We can all relate to being guilty of spinning around in the dizzying comparison trap. Whether it’s love, family, career, financial, fashion, weight or cosmetic, somewhere along the line, we have compared ourselves to others. With the presence of social media, this trap has become even more intrusive.
From the moment we received the life-changing news of Aaron and Steven’s car accident, the comparison trap began. Aaron didn’t survive the accident that left Steven with a severe Traumatic Brain Injury (TBI). While the comparison trap from the loss of Aaron would set in later, it immediately bombarded us during Steven’s recovery.
Of all comparisons we thought we would face as parents, nothing prepared our ears to absorb the speech that began: don’t compare your child’s TBI progress to another survivor. A wonderful physician, who is now a friend, spoke those words to us. He then proceeded to inform us, “In a line-up of 10 TBI survivors, you would witness 10 different outcomes.” I did not want my son in a TBI line up or any part of the TBI community. All I wanted was to be able to turn back the calendar to August 13, 2012, and plan a totally different Sunday for our intact family of 4, a day close to home, together.
During Steven’s roller-coaster recovery, we were reminded often, felt like hourly, that with the severity of Steven’s injuries the recovery road was long, we should not get our hopes up. Really? Telling parents not to get their hopes up about their child’s survival was the same as telling us not to take our next breath! Of course, we were going to hope, pray, and never give up.
We admit, despite celebrating Steven’s recovery, we did fall into the dismal comparison trap.
Why is Steven’s rehab roommate already walking?
His accident was as severe as Steven’s; how did he escape a craniectomy and the helmet?
How did she escape the epilepsy curse?
These comparisons led me to wonder if I tapped into all available resources for Steven’s recovery?
As shock eventually lifted, we realize that some of our justifications for comparing were due to our lack of knowledge about TBI. How could we not compare? And while we have heard every lecture on not asking why, it’s human nature to ask, “Why?”
As my heart began to absorb the reality of Aaron’s death, I was faced with new comparisons. When it comes to Aaron’s life, it’s not all about comparisons; it’s more about mynatural mom instinct wondering what Aaron’s life would look like today, a mother’s shattered heart longing for what should have been.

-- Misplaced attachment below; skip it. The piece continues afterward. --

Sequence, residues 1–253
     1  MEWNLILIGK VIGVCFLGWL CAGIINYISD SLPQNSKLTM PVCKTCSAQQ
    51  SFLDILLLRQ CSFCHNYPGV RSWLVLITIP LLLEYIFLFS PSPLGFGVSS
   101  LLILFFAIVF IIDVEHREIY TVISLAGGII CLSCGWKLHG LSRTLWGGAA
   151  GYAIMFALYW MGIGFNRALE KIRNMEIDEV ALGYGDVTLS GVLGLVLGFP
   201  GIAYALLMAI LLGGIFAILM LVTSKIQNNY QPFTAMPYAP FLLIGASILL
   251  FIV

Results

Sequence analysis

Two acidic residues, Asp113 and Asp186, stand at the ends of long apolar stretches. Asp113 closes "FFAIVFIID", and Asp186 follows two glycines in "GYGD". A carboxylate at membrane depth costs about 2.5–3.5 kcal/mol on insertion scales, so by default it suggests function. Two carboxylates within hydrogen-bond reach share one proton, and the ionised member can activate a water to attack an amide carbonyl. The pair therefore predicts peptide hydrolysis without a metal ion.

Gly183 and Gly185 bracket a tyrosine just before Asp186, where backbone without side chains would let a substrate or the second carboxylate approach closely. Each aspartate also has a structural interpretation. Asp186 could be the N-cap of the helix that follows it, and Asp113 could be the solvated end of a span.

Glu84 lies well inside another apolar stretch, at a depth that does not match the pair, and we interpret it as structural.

Would Aaron be married?
Would we be grandparents?
Where would Aaron be in his career?
What would Aaron’s big trophy be this hunting season?
While I acknowledge that people mean well, and do not know what to say, the comparison that continues to leave me speechless is comparing child loss to losing a parent or a grandparent. Trust me, I have also experienced those deep losses, but it’s unequivocally not the same, it’s just not.
Lessons I learned from comparing
- Seek connection, not comparisons. It’s most rewarding to spend time with those that nourish relationships, with those who see the real you.
- By focusing on the good things in my life, I’m less likely to obsess about what I lack.
- Comparisons can be never-ending and exhausting. The temptation to compare is as near as my next chat with a friend, a trip to the store, or check-in on social media. I must not get lost in others’ lives and forget to enjoy my own.
- By shifting my focus, a comparison can turn into inspiration. Being inspired and learning from others can create happiness instead of misery.
- When life is lived intentionally and thoughtfully, the comparison game becomes less attractive.
- If I waste time comparing myself to others, I will rob myself of gratitude, joy, and fulfillment.
- Even when it feels impossible, dig deep, find the courage to celebrate who you are, underneath the messiest of messes, there’s much to celebrate, we are each entirely unique.
When I find myself being drawn in as a pawn in the comparison game, I don’t beat myself up, I just say no! I refuse to stay in the game. After all, it’s not about comparisons, it’s about living for the ones I love and for those that need and love me. Instead of evaluating those in my life; past and present, I will celebrate them. I refuse to get lost in others idealizedlives, I will focus on being grateful for my life; right here, right now; a priceless lesson that Aaron taught me and one that I and the two men in my life attempt to remind each other of daily.